What was expected to be a competitive contest on day five at the Adelaide Oval quickly turned sour for England as they lost their inspirational leader & captain early in the first session, signalling the end of yet another opportunity to upset the hosts.
If the England cricket team had a must-win game in the series, this was the one. Succeeding on this particular ground in the past, the visitors were unable to capitalize in this second test at the Adelaide Oval which may have just cost them the urn. Joe Root’s bizarre decision to send the Australians in to bat first at the coin toss probably set the scene from then onwards. Overcast conditions might have swayed the English skippers decision in the end, but it was all to obvious for Australian skipper Steve Smith who admitted he would have elected to bat anyway. Adelaide is a batsmen’s paradise, even under grey-overhead conditions which any avid Australian cricket follower could have told you.
Instead of setting the wheels in motion on a brilliant batting surface on day one in Adelaide, England ended up toiling away for wickets out in the field for 149 overs as the home side posted 442/8 in their first innings with a deceleration coming late on day two. Batting at No. 6, Australia’s Shaun Marsh top scored with an unbeaten 126, notching up his fifth test century in the green & gold as well as passing father Geoff in that category. Alongside Marsh’s true-grit, wicketkeeper Tim Paine and speedster Pat Cummins contributed valuable runs & formed crucial partnerships with the set batsman at the crease. Australia made the perfect start to the match, while England’s attack couldn’t get on top of the batsmen at any stage really. England seamer James Anderson was particularly unlucky with the ball, having dismissed both Shaun Marsh & Tim Paine on separate occasions, only to be overturned by the DRS. England debutante Craig Overton managed to claim his first test wicket in that innings (later ending with 3/105), and it was an absolute beauty to Australian skipper Steve Smith as it slid past the pad and crashed into the woodwork.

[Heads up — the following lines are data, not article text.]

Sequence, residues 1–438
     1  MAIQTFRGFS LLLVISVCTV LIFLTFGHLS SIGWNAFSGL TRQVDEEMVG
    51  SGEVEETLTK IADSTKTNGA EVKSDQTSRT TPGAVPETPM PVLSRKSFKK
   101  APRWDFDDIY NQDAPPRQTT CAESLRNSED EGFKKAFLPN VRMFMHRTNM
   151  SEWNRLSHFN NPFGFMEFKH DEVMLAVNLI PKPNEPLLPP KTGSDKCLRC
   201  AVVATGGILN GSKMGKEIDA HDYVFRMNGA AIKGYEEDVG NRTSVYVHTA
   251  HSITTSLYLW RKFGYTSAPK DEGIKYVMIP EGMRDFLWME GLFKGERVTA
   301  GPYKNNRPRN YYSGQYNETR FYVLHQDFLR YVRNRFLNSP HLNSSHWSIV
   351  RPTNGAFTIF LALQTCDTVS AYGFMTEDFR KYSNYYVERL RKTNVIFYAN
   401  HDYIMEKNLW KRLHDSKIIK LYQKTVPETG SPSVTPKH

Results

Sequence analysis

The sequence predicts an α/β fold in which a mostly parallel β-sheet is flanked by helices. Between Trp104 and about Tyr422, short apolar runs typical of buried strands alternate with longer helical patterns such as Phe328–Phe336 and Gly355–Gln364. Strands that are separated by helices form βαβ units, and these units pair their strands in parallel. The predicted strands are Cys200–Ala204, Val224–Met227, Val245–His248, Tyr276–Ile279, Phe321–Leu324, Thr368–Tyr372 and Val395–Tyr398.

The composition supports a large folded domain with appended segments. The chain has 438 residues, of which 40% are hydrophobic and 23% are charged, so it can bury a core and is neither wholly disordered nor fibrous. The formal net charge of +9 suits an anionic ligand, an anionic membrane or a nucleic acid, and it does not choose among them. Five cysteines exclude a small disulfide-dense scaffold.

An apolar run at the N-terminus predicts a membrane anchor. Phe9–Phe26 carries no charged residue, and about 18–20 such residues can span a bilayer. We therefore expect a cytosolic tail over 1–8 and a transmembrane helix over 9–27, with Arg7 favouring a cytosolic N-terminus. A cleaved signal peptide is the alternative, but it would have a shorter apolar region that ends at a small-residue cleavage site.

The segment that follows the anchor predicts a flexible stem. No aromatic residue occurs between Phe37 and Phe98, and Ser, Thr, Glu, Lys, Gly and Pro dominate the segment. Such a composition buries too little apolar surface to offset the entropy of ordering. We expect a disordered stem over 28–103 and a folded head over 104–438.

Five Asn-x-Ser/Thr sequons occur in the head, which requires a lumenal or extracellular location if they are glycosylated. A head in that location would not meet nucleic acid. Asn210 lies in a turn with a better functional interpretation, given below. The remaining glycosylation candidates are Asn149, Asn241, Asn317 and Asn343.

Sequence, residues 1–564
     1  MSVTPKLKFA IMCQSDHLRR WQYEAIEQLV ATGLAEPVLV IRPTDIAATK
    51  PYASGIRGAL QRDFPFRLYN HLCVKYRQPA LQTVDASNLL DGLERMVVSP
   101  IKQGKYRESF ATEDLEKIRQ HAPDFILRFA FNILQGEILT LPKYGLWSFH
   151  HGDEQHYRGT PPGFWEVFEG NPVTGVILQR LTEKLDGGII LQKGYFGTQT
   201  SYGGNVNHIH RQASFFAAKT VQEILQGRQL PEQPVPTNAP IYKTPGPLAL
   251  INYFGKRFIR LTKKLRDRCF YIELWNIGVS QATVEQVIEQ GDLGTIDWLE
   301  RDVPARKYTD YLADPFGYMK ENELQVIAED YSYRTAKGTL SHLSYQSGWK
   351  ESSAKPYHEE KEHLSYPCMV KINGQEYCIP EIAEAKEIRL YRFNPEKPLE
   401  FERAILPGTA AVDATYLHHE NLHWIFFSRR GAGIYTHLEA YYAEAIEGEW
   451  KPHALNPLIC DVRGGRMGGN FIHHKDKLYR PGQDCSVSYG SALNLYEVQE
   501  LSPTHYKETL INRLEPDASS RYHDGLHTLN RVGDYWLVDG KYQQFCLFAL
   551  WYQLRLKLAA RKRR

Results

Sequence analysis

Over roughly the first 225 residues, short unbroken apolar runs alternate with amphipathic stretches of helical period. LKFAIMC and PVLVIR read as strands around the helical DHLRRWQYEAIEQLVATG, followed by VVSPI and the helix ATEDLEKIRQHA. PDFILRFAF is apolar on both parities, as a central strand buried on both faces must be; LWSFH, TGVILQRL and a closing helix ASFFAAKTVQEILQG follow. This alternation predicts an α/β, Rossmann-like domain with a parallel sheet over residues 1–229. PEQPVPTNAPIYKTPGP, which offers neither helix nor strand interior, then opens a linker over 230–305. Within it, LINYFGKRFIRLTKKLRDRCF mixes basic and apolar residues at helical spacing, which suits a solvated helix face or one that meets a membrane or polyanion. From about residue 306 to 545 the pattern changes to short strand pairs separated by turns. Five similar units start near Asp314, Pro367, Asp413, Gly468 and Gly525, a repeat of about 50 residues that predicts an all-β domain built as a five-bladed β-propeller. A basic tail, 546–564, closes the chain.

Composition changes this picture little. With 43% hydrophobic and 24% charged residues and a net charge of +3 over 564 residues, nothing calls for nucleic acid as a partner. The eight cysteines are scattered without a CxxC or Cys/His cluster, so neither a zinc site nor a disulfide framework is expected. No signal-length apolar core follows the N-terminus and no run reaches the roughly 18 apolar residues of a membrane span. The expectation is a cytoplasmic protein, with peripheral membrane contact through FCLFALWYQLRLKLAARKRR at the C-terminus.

England’s response to Australia’s 442 was lackluster, Mark Stoneman started really positively but couldn’t make it through the evening session thanks to a Mitchell Starc dart that whistled into his pads. Former England skipper Alastair Cook looked set to play a lengthy knock before he was undone by some brilliant spin bowling form Nathan Lyon who produced the edge to slip, sending the out of form opener back to the sheds for 37. Cook never looked comfortable against Lyon, although not many of his teammates did either to tell you the truth. From that point on, it was an absolute barrage of quality bowling from Australia who ran through England’s middle order with relative-ease. What needed to be an influential captains knock turned into yet another failure for Joe Root, and some brilliant caught & bowled dismissals from Nathan Lyon and Mitchell Starc dismissed the dangerous Moeen Ali and wicketkeeper Jonny Bairstow. Credit has to go too Chris Woakes and Craig Overton who really fought to keep England from completely submerging, Overton top scored for the visitors with an unbeaten 41. Off-spinner Nathan Lyon was the star of the show taking 4/60, Mitchell Starc was also impressive picking up 3/49.